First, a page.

By KARLA WALKER
In state and federal courts across the country, parties are pleading the “cultural defense,” invoking the customs and traditions of their homelands to explain their actions. Increasingly, lawyers and judges are giving credence to the ways in which culture plays a role in civil and criminal cases.
To examine this issue, the Law Library hosted a public program on May 3 titled “You Be the Judge: Cross-Cultural Issues in the Courts.” The program commemorated Law Day, established in 1958 by President Dwight Eisenhower as “a day of national dedication to the principle of government under law.”
The program featured a panel of cross-cultural experts, moderated by Jonathan Turley of the George Washington University School of Law. Panelists included the Honorable Delissa Ridgway, United States Court of International Trade-New York and chair of the American Bar Association’s National Conference of Federal Trial Judges; Dr. Mark J. Mills, nationally renowned forensic psychiatrist and professor at the Columbia University College of Physicians and Surgeons; and Rene L. Valladares, chief of the Trial/Appellate Division of the Office of the Federal Public Defender, Las Vegas, Nev.
The panelists presented more than a dozen vignettes from real cases that involved cultural issues, ranging from civil to criminal matters and touching on family law, negligence, civil rights, animal rights, kidnapping and murder. Audience members used handheld technology to “vote” on the outcome of these cases before being told how the court had actually ruled.
In a few instances, the audience vote was similar or identical to the court ruling, as in the 2005 case of Nischal v. Nischal. The father immigrated to the U.S. from India, while his wife and child stayed behind. When the parties separated, the father was ordered to pay child support in accordance with the Pennsylvania support guidelines. The father argued that payment pursuant to those guidelines would render the mother and child living in India “virtual millionaires” and asked the court to consider the cost of living of the average person in India. Following a panel discussion on the cultural argument, more than 70 percent of the audience voted that the father should continue to pay child support in accordance with Pennsylvania law. The court had reached the same conclusion, reasoning that the goal of child support guidelines is to ensure that children receive the same proportion of family income as if the parents had remained together.
The audience also agreed with the court’s verdict in the 1996 case of Marks v. Clarke, in which the Spokane, Wash., police searched a local group of Rom (gypsy) homes and their inhabitants on a faulty warrant. The Rom argued that, according to their culture, the search of unmarried Rom girls rendered them “marime” (“polluted”) and unmarriageable. They filed a civil-rights action seeking $59 million in compensation. Presenting the case for the panel, Judge Ridgway explained that marime is a very powerful concept in gypsy law. It involves permanent loss of status and respect and its implications range from social rejection to outright banishment from the community. While the majority of the Law Day audience members voted that the Rom were owed compensation, many agreed that $59 million was excessive. The court had reached a similar conclusion and in 1997 the City of Spokane paid the Rom plaintiffs $1.43 million to settle the case.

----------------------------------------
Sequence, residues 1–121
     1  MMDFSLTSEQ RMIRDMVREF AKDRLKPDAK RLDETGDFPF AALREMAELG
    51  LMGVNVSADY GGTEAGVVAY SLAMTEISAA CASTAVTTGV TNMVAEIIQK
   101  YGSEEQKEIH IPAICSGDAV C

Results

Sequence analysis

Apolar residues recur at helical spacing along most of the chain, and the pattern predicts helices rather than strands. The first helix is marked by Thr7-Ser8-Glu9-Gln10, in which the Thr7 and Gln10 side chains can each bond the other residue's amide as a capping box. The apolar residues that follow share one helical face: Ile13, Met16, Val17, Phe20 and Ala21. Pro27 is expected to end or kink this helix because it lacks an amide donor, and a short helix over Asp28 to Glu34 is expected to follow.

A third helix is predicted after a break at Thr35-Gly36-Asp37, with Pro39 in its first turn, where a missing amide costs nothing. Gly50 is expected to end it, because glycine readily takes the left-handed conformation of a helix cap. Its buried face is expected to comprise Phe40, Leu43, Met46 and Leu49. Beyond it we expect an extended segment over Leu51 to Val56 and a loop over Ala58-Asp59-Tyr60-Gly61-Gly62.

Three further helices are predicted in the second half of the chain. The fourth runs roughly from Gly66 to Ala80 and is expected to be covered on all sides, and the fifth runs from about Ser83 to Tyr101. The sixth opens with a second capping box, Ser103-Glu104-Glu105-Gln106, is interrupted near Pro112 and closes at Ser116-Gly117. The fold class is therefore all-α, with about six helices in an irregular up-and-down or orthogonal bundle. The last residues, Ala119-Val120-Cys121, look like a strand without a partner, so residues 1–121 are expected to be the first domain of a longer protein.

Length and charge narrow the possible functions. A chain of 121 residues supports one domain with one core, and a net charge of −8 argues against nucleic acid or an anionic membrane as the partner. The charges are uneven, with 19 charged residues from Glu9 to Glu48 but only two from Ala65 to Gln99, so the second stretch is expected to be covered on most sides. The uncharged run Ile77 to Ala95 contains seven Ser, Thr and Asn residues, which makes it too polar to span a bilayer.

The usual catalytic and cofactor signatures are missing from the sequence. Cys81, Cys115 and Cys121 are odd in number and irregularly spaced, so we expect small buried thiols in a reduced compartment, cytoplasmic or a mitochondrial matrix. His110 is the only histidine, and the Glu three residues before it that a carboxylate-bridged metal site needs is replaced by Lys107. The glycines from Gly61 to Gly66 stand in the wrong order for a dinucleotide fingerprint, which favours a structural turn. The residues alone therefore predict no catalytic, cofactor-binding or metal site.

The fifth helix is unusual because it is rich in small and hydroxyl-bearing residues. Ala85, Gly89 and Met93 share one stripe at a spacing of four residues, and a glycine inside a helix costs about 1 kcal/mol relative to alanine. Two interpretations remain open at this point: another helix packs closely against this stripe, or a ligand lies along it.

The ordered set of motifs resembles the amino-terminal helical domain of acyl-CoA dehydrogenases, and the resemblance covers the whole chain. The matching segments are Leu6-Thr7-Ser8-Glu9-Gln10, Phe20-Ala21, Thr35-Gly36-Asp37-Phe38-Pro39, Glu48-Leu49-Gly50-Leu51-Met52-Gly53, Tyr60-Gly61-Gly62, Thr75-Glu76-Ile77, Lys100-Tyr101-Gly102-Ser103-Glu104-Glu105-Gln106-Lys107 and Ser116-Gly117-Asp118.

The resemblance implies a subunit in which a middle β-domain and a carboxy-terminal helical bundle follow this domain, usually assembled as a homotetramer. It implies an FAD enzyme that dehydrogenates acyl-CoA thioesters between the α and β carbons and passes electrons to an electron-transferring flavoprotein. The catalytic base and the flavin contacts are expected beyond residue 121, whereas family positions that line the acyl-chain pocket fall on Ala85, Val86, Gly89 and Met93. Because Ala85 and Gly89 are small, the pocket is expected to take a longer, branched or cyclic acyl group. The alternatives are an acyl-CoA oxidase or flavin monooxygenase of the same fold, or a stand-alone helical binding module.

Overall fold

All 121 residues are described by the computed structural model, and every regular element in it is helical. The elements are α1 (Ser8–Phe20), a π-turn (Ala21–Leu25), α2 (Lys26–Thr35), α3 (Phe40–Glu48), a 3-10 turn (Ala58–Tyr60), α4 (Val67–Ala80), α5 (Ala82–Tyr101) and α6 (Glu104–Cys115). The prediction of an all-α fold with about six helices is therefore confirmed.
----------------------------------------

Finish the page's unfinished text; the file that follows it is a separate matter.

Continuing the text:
In several instances, the Law Day audience voted contrary to the court. The most striking of these was the 1985 case of California v. Kimura, in which a Japanese woman who had lived in America for several decades was tried for the murder of her two children. Panelist Rene Valladares explained that the defendant’s husband was involved in an adulterous affair. Believing herself to be shamed and disgraced, the mother felt the only honorable thing to do was to commit oyako-shinju (parent-child suicide) by drowning her children and herself in the Pacific Ocean. The audience voted overwhelmingly that Kimura’s conduct warranted a murder conviction of some degree and were surprised to discover that the court had actually imposed a sentence of five years’ probation with psychiatric treatment, and one year of jail time already served. The defense team had successfully argued before the court that even though oyako-shinju is illegal in Japan, the practice is still accepted. The defense team also presented the court with 1,000 signatures from other Japanese immigrants who could attest to this assertion.
Taken as a whole, the cases presented by the panel demonstrated the extent to which the “cultural defense” is having an impact in America’s courtrooms.
Karla Walker is a public programs researcher in the Law Library of Congress.